Cleansing your body is among the best ways to stay clean when you’re out on the trail to prevent getting chafing. Chafing is usually caused by the sweat’s salt that rubs off the skin. Cleansing your body regularly will help to stop this. Concentrate on vulnerable body parts, like the braces, butts, and crotch. Are you a lady hiker? Please go through our guide to female hygiene (Insert the link Female Hiking guide) to know the best practices you need to do to ensure you are safe when you’re out on trails.
Clothing If you’ve already experienced chafing, it’s essential to stay clear of it. The best method is to stay clear of cotton and put on well-fitting synthetic clothes over the area affected. If it’s a butt crack chafe that’s bringing you down, put on synthetic underwear. If it’s the thigh area that is chafing, find synthetic boxers, shorts, tights, leggings, and so on. The idea is there.
Keep your clothes clean
In addition to maintaining your skin’s cleanliness, it is essential to wash your clothing well. Cleansing your clothes may seem like ordinary sense, but a few people neglect to do it. It is necessary to scrub all sweat and dust off of your clothes each night. At a minimum, be sure to keep a clean set of clothes on hand. This can be a significant problem when hiking. So, how do you wash your clothes while on the trail and camping? It’s easy with the Scrubber washing bag is a favourite choice for hikers who travel long distances. Put your clothes in it with some detergent and water. Shake it around, and you’ll be able to wash your clothes.
How to treat butt chafing while hiking
If you follow all the advice to prevent and treat butt chafing while hiking, you could be prone to get this painful skin rash. Skin that has chafed must be addressed, so don’t leave it untreated. It! How do you treat butt chafing while hiking? These tips can ease your discomfort and aid in healing the bruises.
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Clean and dry the affected area
Runner’s World recommends washing the affected area as soon as you can after you’ve completed your hike (or riding or cycling). Cleanse the area that has been chafed using lukewarm water and soap that is antibacterial. Dry the area by gentle patting. Please don’t rub it dry because this could be very painful.
Apply lotion at night
Apply plenty of lotion, ointment, or cream to aid in healing your skin as you lay down. Things like zinc oxide cream coconut oil, zinc oxide cream, and Vaseline can be used to accomplish this. There are also less conventional methods. These include applying udder ointment that is applied when milking cows. Ointment for horses applied to treat saddle sores that horses suffer from works also on humans.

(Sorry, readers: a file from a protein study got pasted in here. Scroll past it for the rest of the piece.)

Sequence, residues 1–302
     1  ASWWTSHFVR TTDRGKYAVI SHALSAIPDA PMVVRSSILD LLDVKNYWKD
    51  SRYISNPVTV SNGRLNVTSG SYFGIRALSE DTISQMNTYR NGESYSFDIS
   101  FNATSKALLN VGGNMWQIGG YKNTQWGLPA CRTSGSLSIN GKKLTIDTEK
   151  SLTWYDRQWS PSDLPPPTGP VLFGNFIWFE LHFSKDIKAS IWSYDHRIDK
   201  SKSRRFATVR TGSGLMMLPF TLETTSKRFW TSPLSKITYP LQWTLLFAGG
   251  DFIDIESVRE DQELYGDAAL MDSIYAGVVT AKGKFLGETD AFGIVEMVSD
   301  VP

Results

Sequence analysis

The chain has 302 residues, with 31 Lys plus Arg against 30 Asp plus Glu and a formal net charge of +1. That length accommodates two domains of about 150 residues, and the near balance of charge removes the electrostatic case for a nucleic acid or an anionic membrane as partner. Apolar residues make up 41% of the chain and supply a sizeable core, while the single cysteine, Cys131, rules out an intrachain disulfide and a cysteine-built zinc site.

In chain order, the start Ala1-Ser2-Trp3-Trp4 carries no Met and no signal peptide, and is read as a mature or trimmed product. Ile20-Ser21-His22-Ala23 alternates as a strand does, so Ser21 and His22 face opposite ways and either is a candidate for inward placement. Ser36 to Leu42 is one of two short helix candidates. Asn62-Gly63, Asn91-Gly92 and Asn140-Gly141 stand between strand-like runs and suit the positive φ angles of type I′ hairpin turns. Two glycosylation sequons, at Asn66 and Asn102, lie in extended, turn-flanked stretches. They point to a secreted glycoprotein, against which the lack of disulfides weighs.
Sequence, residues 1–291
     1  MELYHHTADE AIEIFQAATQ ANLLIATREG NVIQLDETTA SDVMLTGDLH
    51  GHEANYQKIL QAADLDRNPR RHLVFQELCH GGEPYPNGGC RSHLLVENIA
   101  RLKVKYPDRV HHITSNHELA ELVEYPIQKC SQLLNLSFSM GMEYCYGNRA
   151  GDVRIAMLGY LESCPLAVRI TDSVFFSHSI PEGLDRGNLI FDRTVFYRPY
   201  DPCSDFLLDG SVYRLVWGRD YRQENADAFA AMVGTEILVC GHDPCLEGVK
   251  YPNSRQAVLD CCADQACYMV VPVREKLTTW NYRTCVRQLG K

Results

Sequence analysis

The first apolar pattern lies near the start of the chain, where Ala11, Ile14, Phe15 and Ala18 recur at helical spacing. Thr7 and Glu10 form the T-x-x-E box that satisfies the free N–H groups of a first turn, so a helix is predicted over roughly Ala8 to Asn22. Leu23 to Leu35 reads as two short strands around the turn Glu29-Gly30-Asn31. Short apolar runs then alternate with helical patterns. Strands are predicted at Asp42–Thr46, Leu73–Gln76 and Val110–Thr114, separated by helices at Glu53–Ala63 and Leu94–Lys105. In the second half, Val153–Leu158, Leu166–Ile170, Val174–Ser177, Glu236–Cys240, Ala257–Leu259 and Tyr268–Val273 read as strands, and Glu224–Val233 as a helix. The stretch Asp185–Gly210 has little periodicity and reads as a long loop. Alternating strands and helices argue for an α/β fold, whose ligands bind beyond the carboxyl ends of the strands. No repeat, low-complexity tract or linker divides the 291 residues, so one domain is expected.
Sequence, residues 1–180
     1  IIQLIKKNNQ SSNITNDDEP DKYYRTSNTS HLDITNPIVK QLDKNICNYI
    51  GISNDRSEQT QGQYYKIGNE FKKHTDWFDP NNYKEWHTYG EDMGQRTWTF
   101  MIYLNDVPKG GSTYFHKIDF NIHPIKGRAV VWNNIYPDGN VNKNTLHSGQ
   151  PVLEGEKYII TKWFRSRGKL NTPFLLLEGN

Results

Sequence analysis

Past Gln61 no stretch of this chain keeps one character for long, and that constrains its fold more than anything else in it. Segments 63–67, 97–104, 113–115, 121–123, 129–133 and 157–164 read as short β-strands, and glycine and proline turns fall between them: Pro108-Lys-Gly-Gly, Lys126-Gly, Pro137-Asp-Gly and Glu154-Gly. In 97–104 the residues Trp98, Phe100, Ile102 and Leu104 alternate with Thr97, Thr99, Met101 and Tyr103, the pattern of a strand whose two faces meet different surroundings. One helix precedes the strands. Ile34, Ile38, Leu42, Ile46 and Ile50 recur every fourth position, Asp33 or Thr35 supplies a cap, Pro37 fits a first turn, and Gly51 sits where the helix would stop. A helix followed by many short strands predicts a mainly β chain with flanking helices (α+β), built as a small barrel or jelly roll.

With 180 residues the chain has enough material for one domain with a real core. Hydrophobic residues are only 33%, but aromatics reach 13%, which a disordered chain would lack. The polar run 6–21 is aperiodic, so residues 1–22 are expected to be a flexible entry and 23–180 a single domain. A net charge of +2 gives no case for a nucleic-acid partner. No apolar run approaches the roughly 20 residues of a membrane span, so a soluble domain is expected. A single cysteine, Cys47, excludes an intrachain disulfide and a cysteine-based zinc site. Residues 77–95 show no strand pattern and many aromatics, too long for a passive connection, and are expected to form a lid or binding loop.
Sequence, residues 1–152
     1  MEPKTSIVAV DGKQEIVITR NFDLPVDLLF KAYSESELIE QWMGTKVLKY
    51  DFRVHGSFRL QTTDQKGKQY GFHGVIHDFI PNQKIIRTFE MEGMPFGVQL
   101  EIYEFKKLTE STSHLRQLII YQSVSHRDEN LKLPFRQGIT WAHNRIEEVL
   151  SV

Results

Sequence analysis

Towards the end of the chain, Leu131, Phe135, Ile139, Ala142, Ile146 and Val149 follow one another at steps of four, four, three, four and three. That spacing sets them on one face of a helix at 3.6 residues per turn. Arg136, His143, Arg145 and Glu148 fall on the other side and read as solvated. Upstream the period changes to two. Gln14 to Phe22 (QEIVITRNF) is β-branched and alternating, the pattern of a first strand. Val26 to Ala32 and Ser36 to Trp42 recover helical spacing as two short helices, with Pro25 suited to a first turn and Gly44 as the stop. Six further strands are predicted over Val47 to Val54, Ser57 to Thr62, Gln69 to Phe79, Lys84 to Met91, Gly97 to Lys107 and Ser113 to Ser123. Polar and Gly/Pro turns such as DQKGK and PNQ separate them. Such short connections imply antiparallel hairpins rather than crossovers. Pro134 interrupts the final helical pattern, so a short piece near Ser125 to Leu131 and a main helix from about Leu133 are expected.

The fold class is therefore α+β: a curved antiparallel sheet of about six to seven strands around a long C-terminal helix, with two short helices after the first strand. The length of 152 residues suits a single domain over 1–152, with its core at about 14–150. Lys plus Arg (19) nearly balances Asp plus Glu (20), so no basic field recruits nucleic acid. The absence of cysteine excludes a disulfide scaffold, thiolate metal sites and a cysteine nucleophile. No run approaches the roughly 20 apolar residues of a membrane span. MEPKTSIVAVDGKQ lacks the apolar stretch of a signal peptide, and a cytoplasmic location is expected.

Take it easy
Skin that is chafed requires some time for healing. Therefore, it is best to rest before getting back into activity. Repeated rubbing can cause it to get worse and result in an infection. A full day of rest is not always feasible on the trail for a long time. In this scenario, try to maintain the course clean and well-lubricated. Make sure to take breaks frequently. Get clean using soap and water after you arrive at camp.
Why does skin chafing happen while hiking
The reason this terrible problem occurs is pretty simple. It’s like getting blisters to your soles. You’re out and about and sweating. When you sweat, the water soaks into the underwear. Because you’re active and moving around or carrying a bag, and all that friction is opposing you. The wet fabric is rubbing and sweats against your sweaty cheeks (and your thighs). Then, before you are aware, you’ve got raw chafed skin right where your butt crack was. Ouch. The longer the friction continues, the more rough and painful the chafing becomes. For those who hike, butt crack chafing is the most prevalent.
However, there’s more than one spot where you’ll experience uncomfortable skin irritation. A lot of people have discomfort in their armpits and thighs. Cyclists frequently get “saddle sores” on their cheeks due to friction with the bike’s seat. For runners, poor souls may suffer from nipple chafing during long, sweaty rides. Wherever clothing or other gear rubs against your sweat skin, it’s an area that you may feel a painful chafing.
You must read: How to fix heel slippage in your hiking boots
Are you unsure if you suffer from the butt crack that is chafing? You can jump into the shower, and if you feel intense pain, stinging as the water hits the area affected, you feel it. We hope you read this full guide on how to prevent and treat butt chafing while hiking, and you’ve got it!